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Disneyland Article
Could Slightly Lower Attendance Be A Good Thing

ID:TMS-3601
Source:Orange County Register
Author:Robert Niles
Dateline:June 7, 2017
Posted:June 17, 2017
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Is Disneyland's attendance falling? And if it did, would that be a bad thing?

The theme park industry's annual attendance report came out last week, and it reported a nearly 2 percent attendance drop for Disneyland and nearly 1 percent decline at Disney California Adventure in 2016.

That might seem hard to believe for many Disneyland fans that spent the past year crammed in pathways around Fantasy Faire or the Matterhorn on a Friday night. But remember that Disneyland was coming off the wildly popular Diamond Celebration last year. And, the closure of Big Thunder Trail, the Disneyland Railroad and the Rivers of America attractions for Star Wars land construction made the rest of the park seem more crowded even as fewer people might have been visiting.

So if declining attendance wasn't good news for line-weary fans last year, surely it wasn't good news for Disney, either, right? Well, maybe but maybe not. Sometimes, declining attendance can be a good thing for a theme park.

How? Ultimately, a theme park doesn't care as much about how many people come through the gates as how much money the park makes from those visitors. A theme park would rather welcome a family of four, all buying full-priced tickets and paying for three meals and souvenirs in the park, than a family of six that comes in on heavily discounted tickets and buys nothing while they are there.

Of course, any park will take both types of families if it can. But for a park that hits capacity every now and then, such as Disneyland, the tradeoff between high-spending and low-spending visitors becomes a real issue instead of just a hypothetical one.

Disneyland fills its parks through much of the year thanks in large part to a successful annual pass program which allows thousands of local families to visit the parks dozens of times for the price of just a few days' tickets. But that means Disney is making much less on each annual pass holder's visit than it would from a "regular" guest. And insiders at the company say that gap is getting bigger.

That's why Disneyland created a new, high-priced Signature Plus annual pass, then blocked out all other APs during the last two weeks of the year. With that change, Disneyland didn't have to turn away "regular" ticket-buying guests as the park didn't hit capacity at all last holiday season until the first day that the AP block outs lifted for everyone else.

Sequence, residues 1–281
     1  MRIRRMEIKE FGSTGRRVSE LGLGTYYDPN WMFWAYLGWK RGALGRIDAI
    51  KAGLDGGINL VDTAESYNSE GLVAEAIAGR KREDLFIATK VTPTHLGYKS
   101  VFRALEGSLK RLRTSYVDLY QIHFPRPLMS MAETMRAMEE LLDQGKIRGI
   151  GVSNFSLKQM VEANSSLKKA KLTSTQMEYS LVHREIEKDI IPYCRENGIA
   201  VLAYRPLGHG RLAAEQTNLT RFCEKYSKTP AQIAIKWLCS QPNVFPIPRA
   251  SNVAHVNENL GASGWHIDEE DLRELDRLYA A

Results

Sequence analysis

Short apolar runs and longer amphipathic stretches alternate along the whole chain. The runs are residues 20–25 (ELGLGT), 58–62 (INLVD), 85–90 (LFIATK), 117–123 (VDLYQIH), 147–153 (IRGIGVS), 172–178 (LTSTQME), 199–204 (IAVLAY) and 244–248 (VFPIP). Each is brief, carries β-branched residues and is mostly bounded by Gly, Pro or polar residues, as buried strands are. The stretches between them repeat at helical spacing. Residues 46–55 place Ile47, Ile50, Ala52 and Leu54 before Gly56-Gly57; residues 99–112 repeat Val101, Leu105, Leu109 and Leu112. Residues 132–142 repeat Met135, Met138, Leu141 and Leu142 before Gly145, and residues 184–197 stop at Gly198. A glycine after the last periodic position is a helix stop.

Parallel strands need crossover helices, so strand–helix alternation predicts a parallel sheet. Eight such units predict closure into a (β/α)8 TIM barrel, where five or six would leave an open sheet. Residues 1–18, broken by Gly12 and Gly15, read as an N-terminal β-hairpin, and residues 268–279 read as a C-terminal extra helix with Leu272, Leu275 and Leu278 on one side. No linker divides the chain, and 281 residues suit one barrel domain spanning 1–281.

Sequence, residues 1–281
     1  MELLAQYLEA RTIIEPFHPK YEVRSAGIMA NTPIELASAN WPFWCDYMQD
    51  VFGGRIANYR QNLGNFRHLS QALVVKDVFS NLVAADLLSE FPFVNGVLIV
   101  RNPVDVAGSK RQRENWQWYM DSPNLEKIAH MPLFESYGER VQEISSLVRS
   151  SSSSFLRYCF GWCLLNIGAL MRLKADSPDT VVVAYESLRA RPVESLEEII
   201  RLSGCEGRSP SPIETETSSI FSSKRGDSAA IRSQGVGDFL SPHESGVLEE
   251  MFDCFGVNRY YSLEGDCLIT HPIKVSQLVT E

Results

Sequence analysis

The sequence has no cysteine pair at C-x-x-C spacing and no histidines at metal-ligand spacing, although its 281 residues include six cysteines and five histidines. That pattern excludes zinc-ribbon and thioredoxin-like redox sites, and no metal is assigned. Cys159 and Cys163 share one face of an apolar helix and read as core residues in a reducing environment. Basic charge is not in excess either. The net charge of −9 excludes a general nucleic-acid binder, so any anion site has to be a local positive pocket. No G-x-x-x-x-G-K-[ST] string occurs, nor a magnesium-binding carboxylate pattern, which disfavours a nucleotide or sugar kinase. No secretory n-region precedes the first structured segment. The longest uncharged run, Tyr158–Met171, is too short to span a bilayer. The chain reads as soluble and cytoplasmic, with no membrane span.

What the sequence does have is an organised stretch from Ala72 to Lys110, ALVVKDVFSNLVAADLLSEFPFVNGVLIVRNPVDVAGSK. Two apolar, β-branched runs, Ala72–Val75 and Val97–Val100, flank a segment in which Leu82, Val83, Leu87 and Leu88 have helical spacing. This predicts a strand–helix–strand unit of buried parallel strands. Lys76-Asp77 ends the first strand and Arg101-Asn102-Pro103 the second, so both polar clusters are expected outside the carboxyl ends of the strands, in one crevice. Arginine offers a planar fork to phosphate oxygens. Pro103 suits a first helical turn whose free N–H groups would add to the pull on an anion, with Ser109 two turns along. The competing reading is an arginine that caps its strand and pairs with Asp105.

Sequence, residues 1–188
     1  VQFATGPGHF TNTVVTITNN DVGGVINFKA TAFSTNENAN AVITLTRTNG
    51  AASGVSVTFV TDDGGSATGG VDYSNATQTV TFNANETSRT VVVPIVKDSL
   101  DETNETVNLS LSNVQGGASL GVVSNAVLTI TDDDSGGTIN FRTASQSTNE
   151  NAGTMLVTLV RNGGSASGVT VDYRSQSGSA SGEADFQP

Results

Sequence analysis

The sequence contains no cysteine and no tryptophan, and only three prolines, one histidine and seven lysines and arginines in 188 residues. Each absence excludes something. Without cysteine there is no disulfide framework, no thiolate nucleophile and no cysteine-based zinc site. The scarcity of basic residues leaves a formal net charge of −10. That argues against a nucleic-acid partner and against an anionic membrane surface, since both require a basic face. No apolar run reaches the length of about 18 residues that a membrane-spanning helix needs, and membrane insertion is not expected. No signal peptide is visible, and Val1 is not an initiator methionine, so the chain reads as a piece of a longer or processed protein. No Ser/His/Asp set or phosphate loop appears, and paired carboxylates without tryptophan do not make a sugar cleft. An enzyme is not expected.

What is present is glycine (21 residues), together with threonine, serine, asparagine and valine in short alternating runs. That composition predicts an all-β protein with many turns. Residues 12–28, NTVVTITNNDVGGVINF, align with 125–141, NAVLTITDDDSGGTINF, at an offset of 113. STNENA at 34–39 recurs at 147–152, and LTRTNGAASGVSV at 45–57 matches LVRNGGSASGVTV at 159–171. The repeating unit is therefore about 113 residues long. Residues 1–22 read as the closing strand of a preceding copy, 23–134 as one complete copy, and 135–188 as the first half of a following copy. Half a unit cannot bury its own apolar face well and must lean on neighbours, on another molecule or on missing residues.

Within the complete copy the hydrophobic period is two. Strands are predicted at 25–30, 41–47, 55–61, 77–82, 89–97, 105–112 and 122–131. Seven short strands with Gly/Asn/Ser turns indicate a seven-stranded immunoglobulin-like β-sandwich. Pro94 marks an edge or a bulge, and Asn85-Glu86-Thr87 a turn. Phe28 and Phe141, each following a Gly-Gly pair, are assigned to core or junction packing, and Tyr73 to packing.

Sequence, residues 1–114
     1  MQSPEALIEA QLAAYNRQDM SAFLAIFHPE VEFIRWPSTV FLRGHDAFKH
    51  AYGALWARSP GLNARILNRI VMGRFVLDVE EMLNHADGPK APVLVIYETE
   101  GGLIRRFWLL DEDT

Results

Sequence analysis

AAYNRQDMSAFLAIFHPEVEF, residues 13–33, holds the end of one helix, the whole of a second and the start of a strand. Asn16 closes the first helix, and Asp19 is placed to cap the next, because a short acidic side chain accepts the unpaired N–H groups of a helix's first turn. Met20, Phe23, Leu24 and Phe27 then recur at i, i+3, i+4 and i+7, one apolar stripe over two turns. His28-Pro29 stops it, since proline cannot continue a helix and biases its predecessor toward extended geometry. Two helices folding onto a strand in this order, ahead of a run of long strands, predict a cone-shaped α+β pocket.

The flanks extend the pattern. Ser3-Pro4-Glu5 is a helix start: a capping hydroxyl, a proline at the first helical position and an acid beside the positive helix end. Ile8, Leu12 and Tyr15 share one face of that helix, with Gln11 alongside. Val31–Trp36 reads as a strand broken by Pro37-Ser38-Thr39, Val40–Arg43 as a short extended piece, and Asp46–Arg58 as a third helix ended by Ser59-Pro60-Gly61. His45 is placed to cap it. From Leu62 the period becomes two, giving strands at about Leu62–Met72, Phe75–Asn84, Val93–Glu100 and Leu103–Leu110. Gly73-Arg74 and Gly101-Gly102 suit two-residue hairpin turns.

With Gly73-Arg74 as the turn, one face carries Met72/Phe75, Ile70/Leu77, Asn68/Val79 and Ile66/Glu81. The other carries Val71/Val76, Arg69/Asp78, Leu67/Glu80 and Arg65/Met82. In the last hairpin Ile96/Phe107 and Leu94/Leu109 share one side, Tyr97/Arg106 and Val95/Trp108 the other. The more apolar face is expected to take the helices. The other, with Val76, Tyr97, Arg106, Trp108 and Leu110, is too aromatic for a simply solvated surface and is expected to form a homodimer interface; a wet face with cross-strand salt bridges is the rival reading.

Disneyland also is employing other ticket strategies that might one day allow it to do away with some of its less expensive annual pass tiers. Variable pricing on one-day tickets helps encourage visitors to come on traditionally less crowded days by offering tickets at a lower price than on average or peak days.

Seasonal discounts on multi-day tickets also allow Disney to steer visitors toward less popular weeks. Disney would far rather have price-conscious fans visiting the park for three days on a $149 Southern California Resident discount ticket than for up to 170 days on a $339 Southern California Select annual pass.

The trick is balancing a pricing structure that doesn't make formerly uncrowded days at the park unbearably packed. Disneyland hit capacity again last month during a non-holiday week because its Southern California resident tickets were expiring, and visitors crammed the park to use them before it was too late.

Ultimately, Disneyland would like to have it both ways - a park nearly filled to capacity every day with high-spending guests. That doesn't leave room for people visiting on relatively low-priced annual passes. But with more attractions based on wildly popular Star Wars and Marvel attractions coming to the parks, I'd bet on Disneyland getting what it wants some day and sooner rather than later.
 

 
 
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